Steven Day: Challenge Accepted

By Jeanne Nagle | November 11, 2019 | Profiles

As military personnel around the world will attest, receiving a flag officer’s challenge coin is a distinct honor. Once used as a form of identification, the coins, which bear core-value watchwords and emblems of a particular unit or branch of the armed services, are now largely given as tokens of esteem.

In October of 2015, ROTC cadets at the University of Wisconsin-Stevens Point were given a specially made challenge coin by Coast Guard Rear Admiral Steven Day (M ’82) that packed an extra punch, as it had Pointer roots. Beneath the Coast Guard Reserve shield and insignias was a quote: “No problems in life, just numerous leadership and learning opportunities.” Day attributes the quote, in spirit if not actual spoken word, to former UWSP education Professor Tom McCaig.

“As Dr. McCaig said, everyone needs a moment for mental health, but don’t let it last more than 24 hours, because it happened and it needs to be over,” says Day. He calls these “Chardonnay moments” because they allow for a short period of “whining.”

Raised in Michigan, Day enlisted in the Coast Guard straight out of high school in 1967.

After his four-year enlisted stint ended, Day joined the Coast Guard Reserves. His plan was to put in enough years to retire as a chief. When his new bride, Sharon, expressed concerns about his getting recalled for active duty, he recalls telling her not to worry because the Coast Guard Reserve would be the last to be recalled.

“I was quite a bit off on my statements related to rank, time [in the Reserve] and recalls,” he admits now. Day’s military career has spanned 47 years, and he rose to a rank much higher than planned. He was named director of Reserve and military personnel in 2012, essentially making him the highest-ranking flag officer in the Coast Guard Reserve.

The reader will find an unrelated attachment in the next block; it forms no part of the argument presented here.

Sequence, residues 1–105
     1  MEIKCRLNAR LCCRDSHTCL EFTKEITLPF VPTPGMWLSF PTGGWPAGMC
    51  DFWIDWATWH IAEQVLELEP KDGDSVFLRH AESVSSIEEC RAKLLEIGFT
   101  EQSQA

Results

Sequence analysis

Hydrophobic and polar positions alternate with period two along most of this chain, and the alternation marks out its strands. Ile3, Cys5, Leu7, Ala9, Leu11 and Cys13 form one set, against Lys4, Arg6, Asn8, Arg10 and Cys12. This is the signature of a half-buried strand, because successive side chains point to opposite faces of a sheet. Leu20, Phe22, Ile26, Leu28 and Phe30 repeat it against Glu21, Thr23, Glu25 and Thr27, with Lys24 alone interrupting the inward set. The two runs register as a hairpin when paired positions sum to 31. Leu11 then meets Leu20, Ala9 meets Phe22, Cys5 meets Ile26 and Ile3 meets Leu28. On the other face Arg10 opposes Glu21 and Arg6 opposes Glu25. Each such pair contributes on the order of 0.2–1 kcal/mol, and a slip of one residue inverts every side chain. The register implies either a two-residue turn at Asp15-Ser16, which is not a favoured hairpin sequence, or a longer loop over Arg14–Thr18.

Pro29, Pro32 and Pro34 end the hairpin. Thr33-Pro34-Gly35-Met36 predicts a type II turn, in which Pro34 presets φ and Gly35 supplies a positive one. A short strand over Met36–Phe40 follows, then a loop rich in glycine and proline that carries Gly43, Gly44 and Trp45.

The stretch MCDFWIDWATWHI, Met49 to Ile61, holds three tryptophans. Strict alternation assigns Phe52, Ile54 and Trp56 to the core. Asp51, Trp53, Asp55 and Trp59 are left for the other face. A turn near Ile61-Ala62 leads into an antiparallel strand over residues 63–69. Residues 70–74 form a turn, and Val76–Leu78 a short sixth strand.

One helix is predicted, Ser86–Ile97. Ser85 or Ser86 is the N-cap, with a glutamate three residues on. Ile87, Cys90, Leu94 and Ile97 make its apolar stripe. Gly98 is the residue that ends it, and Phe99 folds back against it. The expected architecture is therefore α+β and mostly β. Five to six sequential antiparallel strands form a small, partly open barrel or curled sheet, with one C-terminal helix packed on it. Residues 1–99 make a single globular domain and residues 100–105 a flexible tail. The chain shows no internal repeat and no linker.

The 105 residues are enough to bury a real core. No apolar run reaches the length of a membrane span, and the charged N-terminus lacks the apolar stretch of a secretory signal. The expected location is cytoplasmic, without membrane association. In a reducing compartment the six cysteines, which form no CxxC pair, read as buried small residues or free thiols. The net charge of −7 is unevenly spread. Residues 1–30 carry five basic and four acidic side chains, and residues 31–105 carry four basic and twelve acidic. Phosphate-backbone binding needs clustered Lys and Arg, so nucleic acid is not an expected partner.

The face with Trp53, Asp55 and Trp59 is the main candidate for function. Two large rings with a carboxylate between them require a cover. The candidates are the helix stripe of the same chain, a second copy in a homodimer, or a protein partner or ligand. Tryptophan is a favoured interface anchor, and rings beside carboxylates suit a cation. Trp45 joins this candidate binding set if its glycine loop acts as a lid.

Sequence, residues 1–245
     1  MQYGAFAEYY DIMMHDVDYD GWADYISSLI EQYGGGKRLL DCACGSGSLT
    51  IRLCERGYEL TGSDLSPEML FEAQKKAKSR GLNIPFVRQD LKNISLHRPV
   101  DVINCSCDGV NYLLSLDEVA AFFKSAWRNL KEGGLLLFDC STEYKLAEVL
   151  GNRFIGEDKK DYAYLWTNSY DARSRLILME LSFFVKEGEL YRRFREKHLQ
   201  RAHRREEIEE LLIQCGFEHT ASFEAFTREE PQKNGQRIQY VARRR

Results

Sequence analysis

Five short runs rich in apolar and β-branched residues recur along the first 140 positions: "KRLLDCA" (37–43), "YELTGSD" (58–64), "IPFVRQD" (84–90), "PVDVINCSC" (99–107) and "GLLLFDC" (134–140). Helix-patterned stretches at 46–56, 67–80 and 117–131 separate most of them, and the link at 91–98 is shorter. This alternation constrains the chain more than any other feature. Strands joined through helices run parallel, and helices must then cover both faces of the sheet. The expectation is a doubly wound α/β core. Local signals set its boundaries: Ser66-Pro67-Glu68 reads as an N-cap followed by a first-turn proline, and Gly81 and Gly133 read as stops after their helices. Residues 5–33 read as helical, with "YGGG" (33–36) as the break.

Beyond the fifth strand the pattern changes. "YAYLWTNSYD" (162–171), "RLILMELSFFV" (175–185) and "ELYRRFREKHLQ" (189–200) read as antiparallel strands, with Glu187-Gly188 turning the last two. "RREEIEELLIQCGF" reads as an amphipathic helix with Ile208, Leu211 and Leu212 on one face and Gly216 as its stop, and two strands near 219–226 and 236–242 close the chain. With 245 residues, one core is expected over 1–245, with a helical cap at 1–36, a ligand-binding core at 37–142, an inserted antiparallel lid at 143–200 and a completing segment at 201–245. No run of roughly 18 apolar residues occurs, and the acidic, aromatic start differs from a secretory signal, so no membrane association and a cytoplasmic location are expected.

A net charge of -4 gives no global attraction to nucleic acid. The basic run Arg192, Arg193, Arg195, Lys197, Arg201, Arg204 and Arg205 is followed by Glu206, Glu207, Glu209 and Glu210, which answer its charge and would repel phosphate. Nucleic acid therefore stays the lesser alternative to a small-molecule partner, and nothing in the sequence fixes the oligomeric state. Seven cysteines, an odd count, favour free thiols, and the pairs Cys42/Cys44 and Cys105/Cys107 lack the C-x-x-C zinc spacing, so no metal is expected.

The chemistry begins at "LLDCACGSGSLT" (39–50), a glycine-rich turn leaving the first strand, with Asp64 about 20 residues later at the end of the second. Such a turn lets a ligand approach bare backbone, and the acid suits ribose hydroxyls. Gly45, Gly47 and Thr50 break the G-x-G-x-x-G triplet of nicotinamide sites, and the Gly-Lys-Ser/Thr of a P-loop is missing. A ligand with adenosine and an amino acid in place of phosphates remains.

Over the course of his military career, Day took part in several missions, including deployments in the Middle East during Operation Desert Shield/Desert Storm and Operation Iraqi Freedom. Closer to home, he led Reserve efforts toward rebuilding Haiti after a devastating earthquake, as well as clean-up efforts in the Gulf of Mexico following the Deepwater Horizon disaster—both missions occurring in 2010.

Day took advantage of military benefits to receive associate and bachelor’s degrees in industrial arts education. He wound up teaching the subject in the Port Edwards School District and at Mid-State Technical College in Wisconsin Rapids. Later, after using his G.I benefits again to obtain a master’s in professional development and education from UWSP, he worked in safety, training and labor relations with Domtar’s Nekoosa Paper Mill.

Day retired from the Coast Guard Reserves in 2014 and serves as a training and leadership consultant for Wisconsin paper mills. He and Sharon are “Western snowbirds,” living October through April in a 55-and-older community south of Phoenix, Ariz. The remainder of the year they can be found in Wrightstown, Wisc., where ardent-Packer fan Sharon says, “We are 20 minutes south of Lambeau Field.” Day remains active in the U.S. Defense Department’s Employer Support of the Guard and Reserve program and is a member of the local VFW and Vietnam Veterans Association. He also enjoys playing golf with his son, Brian, who lives nearby—daughter Meghan and her family live elsewhere—and spending time with his grandchildren.


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